This document contains information about building/testing LLVM and Clang on an ARM machine.
This document is NOT tailored to help you cross-compile LLVM/Clang to ARM on another architecture, for example an x86_64 machine. To find out more about cross-compiling, please check How To Cross-Compile Clang/LLVM using Clang/LLVM.
Here are some notes on building/testing LLVM/Clang on ARM. Note that ARM encompasses a wide variety of CPUs; this advice is primarily based on the ARMv6 and ARMv7 architectures and may be inapplicable to older chips.
If you are building LLVM/Clang on an ARM board with 1G of memory or less, please use gold rather then GNU ld. Building LLVM/Clang with --enable-optimized is preferred since it consumes less memory. Otherwise, the building process will very likely fail due to insufficient memory. In any case it is probably a good idea to set up a swap partition.
If you want to run make check-all after building LLVM/Clang, to avoid false alarms (e.g., ARCMT failure) please use at least the following configuration:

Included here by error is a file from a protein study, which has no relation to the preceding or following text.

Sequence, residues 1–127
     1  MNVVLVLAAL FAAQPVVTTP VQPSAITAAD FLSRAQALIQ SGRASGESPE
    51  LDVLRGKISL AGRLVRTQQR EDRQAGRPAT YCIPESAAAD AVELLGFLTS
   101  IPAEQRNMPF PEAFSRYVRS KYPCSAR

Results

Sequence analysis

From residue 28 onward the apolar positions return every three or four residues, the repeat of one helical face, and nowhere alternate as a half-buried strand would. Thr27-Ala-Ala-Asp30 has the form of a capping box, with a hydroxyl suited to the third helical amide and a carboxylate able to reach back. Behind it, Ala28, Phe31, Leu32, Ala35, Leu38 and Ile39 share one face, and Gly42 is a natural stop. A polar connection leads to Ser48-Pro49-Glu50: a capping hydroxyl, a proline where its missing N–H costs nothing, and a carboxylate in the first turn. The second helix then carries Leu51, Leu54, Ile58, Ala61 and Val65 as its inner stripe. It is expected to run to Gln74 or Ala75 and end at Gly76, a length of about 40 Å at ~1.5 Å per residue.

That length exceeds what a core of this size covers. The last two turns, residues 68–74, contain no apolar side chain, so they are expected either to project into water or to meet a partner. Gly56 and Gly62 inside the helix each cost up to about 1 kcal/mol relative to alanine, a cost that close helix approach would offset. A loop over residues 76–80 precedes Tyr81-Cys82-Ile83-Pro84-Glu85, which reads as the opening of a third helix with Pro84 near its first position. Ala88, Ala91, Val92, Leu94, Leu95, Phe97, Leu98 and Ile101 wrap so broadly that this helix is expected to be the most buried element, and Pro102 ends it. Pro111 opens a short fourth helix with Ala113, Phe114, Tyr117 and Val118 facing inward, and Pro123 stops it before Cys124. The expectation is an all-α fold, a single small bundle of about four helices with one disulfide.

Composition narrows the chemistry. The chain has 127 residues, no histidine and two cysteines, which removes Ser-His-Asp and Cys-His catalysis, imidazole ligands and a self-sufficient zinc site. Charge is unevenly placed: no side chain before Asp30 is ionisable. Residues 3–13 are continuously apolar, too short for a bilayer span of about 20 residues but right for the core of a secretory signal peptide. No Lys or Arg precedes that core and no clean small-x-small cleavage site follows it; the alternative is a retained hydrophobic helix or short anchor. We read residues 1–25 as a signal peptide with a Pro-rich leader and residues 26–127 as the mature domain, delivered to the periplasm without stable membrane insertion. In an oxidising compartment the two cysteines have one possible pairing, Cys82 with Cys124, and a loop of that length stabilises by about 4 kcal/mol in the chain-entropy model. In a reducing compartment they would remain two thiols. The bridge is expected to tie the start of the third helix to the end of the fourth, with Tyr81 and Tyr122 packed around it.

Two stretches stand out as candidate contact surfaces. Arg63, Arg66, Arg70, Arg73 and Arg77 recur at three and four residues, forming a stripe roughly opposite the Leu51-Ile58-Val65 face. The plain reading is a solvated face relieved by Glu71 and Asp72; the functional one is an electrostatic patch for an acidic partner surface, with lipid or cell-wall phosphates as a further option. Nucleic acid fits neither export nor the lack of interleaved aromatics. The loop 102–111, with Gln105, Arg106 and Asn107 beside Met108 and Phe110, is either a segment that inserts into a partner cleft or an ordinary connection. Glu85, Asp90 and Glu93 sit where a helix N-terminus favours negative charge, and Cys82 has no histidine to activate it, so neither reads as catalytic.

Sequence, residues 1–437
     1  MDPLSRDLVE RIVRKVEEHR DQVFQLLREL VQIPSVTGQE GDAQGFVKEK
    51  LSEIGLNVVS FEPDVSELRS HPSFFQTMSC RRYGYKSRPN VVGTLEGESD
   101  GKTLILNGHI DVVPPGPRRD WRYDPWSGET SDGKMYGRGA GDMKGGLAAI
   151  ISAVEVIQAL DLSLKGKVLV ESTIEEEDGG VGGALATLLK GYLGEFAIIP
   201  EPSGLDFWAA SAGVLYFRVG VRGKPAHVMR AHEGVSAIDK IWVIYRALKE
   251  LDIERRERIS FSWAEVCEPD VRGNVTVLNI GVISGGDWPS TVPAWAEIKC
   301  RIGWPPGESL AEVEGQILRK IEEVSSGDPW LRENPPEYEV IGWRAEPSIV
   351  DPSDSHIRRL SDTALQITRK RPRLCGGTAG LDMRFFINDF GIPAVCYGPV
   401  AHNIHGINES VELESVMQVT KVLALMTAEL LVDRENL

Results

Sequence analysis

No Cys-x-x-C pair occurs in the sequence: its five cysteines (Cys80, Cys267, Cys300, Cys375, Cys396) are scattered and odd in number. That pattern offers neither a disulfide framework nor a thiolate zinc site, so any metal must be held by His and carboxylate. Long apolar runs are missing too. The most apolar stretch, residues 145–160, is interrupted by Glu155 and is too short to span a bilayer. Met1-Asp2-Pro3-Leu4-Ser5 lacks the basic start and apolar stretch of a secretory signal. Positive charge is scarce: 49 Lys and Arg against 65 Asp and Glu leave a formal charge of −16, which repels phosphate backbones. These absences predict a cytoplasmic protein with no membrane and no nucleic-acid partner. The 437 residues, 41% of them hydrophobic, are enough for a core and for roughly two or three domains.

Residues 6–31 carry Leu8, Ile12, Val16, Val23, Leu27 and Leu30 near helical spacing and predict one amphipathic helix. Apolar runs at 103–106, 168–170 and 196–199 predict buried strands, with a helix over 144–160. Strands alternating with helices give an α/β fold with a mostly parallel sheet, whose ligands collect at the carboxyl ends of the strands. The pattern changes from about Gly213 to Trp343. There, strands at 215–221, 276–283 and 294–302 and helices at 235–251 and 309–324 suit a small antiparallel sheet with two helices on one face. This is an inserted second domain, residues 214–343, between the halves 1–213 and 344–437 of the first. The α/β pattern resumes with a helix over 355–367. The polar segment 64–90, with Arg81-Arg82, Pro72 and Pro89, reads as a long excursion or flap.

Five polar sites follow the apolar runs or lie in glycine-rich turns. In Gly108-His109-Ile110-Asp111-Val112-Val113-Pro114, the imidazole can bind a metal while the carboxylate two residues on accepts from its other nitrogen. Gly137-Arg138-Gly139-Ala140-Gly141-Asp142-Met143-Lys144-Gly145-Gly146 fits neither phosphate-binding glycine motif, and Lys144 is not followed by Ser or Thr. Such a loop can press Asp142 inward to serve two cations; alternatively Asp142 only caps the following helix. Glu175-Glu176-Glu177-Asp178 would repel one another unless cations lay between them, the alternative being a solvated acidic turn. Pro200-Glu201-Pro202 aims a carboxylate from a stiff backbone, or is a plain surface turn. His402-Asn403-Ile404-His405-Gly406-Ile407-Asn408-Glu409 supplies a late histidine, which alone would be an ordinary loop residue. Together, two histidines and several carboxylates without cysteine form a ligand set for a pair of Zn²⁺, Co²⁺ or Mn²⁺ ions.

$ ../$LLVM_SRC_DIR/configure --with-abi=aapcs-vfp
The most popular Linaro/Ubuntu OS’s for ARM boards, e.g., the Pandaboard, have become hard-float platforms. The following set of configuration options appears to be a good choice for this platform:
./configure --build=armv7l-unknown-linux-gnueabihf \ --host=armv7l-unknown-linux-gnueabihf \ --target=armv7l-unknown-linux-gnueabihf --with-cpu=cortex-a9 \ --with-float=hard --with-abi=aapcs-vfp --with-fpu=neon \ --enable-targets=arm --enable-optimized --enable-assertions
ARM development boards can be unstable and you may experience that cores are disappearing, caches being flushed on every big.LITTLE switch, and other similar issues. To help ease the effect of this, set the Linux scheduler to “performance” on all cores using this little script:
# The code below requires the package 'cpufrequtils' to be installed. for ((cpu=0; cpu<`grep -c proc /proc/cpuinfo`; cpu++)); do sudo cpufreq-set -c $cpu -g performance done
Running the build on SD cards is ok, but they are more prone to failures than good quality USB sticks, and those are more prone to failures than external hard-drives (those are also a lot faster). So, at least, you should consider to buy a fast USB stick. On systems with a fast eMMC, that’s a good option too.
Make sure you have a decent power supply (dozens of dollars worth) that can provide at least 4 amperes, this is especially important if you use USB devices with your board.